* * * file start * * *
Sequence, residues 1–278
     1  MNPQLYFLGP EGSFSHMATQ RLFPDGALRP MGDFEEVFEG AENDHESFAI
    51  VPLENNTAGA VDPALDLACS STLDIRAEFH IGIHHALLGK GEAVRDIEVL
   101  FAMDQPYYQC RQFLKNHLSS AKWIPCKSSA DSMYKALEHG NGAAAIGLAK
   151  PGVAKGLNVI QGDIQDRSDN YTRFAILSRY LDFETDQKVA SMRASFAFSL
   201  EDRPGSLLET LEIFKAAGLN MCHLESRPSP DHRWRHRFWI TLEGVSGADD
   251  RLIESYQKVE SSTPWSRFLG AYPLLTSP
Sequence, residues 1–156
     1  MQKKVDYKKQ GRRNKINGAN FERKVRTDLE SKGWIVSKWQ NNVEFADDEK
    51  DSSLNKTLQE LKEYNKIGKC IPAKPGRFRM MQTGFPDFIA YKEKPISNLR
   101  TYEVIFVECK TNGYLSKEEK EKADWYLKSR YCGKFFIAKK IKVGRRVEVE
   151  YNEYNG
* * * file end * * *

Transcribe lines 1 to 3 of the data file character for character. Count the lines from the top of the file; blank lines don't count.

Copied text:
Sequence, residues 1–278
     1  MNPQLYFLGP EGSFSHMATQ RLFPDGALRP MGDFEEVFEG AENDHESFAI
    51  VPLENNTAGA VDPALDLACS STLDIRAEFH IGIHHALLGK GEAVRDIEVL